A YouTube video magically transported me back to what I was watching on Jan. 13, 1972. The clip from NBC’s “Flip Wilson Show” features Flip as a standup comedian being heckled unmercifully by guest Redd Foxx. At the end of the segment, Flip broke character to announce that Foxx would be starring in a new sitcom called “Sanford and Son,” beginning the next night.
I remember the plug. Unfortunately, I somehow missed that first episode, but I laughed myself silly over the second one. I love my sanitized 1960s sitcoms, but there was something earthier and more relatable about the denizens of that Watts neighborhood. (Herman Munster never got stripped for parts on Mockingbird Lane.)
I joined millions of other Americans in a Friday night ritual of watching the dreams and schemes of cantankerous junk dealer Fred G. Sanford (“that’s S-A-N-F-O-R-D period”) and his longsuffering son Lamont. For six seasons, the show provided stiff competition for high school athletic events. Between Fred calling Lamont “you big dummy” and sports fans calling the referee “you big dummy,” 1970s therapists put in oodles of overtime on Saturdays.
Countless “must see” programs from just three or four years ago have completely evaporated from my memory; but after five decades, I still find myself whistling the “Sanford” instrumental theme song by Quincy Jones and exclaiming, “Good goobily goop” or “Great googly moogly” like Fred’s friend Grady. I still haven’t verified the rumor that the Build Back Better plan includes funding for GSL (Grady as a Second Language) classes.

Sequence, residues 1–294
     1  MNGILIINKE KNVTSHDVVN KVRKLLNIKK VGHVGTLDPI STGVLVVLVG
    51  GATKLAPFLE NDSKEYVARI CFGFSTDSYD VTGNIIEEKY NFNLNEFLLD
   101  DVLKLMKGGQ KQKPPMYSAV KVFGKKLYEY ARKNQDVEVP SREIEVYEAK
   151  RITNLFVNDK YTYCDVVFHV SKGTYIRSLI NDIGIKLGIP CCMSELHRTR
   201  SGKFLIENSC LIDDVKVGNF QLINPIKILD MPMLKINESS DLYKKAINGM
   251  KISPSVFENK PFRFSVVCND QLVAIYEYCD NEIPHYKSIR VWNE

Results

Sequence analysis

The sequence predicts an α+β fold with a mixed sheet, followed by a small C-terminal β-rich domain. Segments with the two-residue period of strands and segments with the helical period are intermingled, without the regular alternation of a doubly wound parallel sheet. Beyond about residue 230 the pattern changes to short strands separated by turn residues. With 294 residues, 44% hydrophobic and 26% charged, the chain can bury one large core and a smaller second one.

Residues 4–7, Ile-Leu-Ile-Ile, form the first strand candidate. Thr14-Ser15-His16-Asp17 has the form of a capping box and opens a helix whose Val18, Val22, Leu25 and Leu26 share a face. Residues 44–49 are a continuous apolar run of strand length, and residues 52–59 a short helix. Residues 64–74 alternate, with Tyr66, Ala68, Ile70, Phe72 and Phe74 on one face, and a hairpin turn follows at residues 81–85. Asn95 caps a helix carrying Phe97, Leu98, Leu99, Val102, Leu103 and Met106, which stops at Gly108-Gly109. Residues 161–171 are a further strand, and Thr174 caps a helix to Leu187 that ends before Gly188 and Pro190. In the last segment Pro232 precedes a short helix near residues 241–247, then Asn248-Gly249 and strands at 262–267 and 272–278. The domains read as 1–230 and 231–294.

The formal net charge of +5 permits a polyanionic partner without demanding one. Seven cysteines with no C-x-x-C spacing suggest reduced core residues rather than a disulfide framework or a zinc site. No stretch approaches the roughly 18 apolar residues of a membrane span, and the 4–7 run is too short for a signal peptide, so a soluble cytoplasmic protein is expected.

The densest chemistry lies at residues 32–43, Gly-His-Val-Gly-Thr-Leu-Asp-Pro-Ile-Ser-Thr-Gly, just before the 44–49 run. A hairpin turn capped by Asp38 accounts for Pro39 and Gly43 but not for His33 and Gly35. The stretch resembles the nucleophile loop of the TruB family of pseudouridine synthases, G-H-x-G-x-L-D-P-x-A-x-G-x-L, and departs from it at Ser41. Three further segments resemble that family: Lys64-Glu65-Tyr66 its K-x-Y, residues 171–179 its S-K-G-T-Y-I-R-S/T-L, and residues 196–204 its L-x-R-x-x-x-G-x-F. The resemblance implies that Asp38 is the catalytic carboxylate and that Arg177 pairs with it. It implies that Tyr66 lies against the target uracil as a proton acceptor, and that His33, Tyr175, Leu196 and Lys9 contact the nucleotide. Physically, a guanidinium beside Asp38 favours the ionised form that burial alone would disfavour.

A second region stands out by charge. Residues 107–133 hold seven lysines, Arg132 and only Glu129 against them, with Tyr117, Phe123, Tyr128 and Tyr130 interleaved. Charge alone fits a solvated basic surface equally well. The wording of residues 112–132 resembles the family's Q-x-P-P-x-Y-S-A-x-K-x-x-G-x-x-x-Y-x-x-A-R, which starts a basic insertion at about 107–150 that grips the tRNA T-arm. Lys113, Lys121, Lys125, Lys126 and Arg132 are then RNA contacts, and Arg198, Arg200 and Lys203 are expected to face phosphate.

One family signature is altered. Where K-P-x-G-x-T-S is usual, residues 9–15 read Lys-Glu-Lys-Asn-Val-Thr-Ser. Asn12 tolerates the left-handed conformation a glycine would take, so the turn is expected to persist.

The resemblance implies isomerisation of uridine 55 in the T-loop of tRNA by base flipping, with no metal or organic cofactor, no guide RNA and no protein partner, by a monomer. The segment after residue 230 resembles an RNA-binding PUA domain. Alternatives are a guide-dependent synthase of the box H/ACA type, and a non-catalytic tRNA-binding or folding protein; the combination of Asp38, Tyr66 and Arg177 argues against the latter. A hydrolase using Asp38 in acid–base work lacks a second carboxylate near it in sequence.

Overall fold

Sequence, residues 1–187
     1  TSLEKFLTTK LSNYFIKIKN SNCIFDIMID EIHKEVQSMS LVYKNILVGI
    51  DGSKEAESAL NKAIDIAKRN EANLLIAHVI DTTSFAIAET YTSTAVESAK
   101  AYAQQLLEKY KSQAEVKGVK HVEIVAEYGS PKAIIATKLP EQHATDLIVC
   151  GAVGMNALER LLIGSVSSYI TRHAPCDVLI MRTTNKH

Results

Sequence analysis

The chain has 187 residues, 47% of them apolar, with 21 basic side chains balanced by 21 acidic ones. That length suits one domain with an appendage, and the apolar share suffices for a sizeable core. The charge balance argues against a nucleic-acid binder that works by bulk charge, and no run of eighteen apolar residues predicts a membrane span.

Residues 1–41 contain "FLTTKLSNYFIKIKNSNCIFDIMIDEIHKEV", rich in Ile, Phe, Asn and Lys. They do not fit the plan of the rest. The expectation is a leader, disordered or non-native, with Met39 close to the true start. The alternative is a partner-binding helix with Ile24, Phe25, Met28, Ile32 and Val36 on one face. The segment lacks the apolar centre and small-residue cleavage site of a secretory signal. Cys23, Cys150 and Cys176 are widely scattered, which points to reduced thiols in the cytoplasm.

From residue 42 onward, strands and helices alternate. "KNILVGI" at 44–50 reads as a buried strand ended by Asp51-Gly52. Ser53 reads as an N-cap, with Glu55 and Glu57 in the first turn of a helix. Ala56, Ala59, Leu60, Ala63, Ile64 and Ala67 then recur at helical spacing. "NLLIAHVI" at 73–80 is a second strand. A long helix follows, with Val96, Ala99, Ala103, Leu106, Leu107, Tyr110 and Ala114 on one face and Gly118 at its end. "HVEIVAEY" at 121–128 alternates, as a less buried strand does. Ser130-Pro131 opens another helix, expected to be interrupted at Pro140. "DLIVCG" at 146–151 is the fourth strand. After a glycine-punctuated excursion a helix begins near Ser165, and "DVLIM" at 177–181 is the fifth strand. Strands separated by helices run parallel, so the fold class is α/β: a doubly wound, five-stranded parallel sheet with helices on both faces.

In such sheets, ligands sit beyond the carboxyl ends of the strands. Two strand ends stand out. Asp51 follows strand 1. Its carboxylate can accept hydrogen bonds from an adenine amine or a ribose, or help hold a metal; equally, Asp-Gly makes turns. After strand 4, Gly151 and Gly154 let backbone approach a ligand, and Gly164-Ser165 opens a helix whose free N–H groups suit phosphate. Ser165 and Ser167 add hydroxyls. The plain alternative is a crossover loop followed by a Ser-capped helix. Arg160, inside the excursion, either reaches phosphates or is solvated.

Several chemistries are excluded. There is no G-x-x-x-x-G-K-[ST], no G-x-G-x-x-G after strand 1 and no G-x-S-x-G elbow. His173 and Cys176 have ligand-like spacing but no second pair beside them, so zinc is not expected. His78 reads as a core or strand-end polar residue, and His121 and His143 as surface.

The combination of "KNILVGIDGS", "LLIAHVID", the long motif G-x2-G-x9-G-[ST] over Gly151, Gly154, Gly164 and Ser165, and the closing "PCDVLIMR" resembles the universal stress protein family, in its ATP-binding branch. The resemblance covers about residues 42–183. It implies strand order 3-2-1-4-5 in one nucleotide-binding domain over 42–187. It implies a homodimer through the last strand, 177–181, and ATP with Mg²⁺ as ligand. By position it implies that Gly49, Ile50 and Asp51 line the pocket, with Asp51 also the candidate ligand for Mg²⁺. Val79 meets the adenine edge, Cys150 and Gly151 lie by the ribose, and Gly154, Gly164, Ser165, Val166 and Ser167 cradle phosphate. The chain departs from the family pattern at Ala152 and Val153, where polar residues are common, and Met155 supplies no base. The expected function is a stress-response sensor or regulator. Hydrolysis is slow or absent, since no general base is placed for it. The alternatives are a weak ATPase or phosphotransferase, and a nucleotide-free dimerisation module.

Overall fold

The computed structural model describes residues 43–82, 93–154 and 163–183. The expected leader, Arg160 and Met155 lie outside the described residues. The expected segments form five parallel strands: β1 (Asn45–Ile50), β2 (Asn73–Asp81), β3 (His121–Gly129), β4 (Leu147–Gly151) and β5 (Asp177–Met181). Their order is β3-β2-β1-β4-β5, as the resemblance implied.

I am thankful that I have been able to share “Sanford and Son” reruns with my 17-year-old son Gideon. I am equally thankful that I still have him fooled about the clutter in my writing den. (“You’re right – it’s an intentional shrine to the Sanford living room. Yeah, that’s the ticket.”) Yes, it’s admirable that Amazon Prime makes “Sanford and Son” reruns available to new generations, but it’s certainly not the sort of show that could start from scratch in today’s environment.
In the old days, widower Fred would fake a heart attack and shout, “You hear that, Elizabeth? I’m coming to join you, honey.” In these post-organized-religion times, he would likely backpedal with, “Or maybe I’ll just become one with the universe. Or embrace the aura of this Louisville slugger or…anyway, don’t wait up.” Who wants focus groups insisting, “If Julio’s goat can’t learn to bleat an F-bomb or two, barbecue it”?
Nowadays we couldn’t simply enjoy Fred’s judgmental sister-in-law Aunt Esther calling him a “fish-eyed old fool” and pummeling him with her purse. No, the hosts of “The View” would have to label it a “mostly peaceful” purse pummeling and speculate about collusion between fish-eyed old fools and fish-eyed heathens.
Would we really want to hear Fred complaining to friend Bubba about the biggest disappointment in his life? (“And I found out I was groping the real Lena Horne. After I paid good money to meet a Lena impersonator in drag. The real Lena Horne. There ain’t enough muscatel and ripple in three states to kill that image.”)
Mark the date (Jan. 14) and give a little nod to the 50th anniversary of a classic. As Lamont would say, “That’s the way it used to be, Pop.” And it still is – here in my heart.
Danny Tyree, distributed by Cagle Cartoons newspaper syndicate, welcomes email responses at email@example.com and visits to his Facebook fan page “Tyree’s Tyrades.”